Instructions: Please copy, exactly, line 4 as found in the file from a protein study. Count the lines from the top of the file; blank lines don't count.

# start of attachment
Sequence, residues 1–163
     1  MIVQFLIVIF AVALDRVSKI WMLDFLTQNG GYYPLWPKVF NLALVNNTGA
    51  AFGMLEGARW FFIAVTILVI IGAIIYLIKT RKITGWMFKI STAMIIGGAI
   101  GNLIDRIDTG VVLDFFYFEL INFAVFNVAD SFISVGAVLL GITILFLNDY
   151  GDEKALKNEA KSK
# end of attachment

   101  GNLIDRIDTG VVLDFFYFEL INFAVFNVAD SFISVGAVLL GITILFLNDY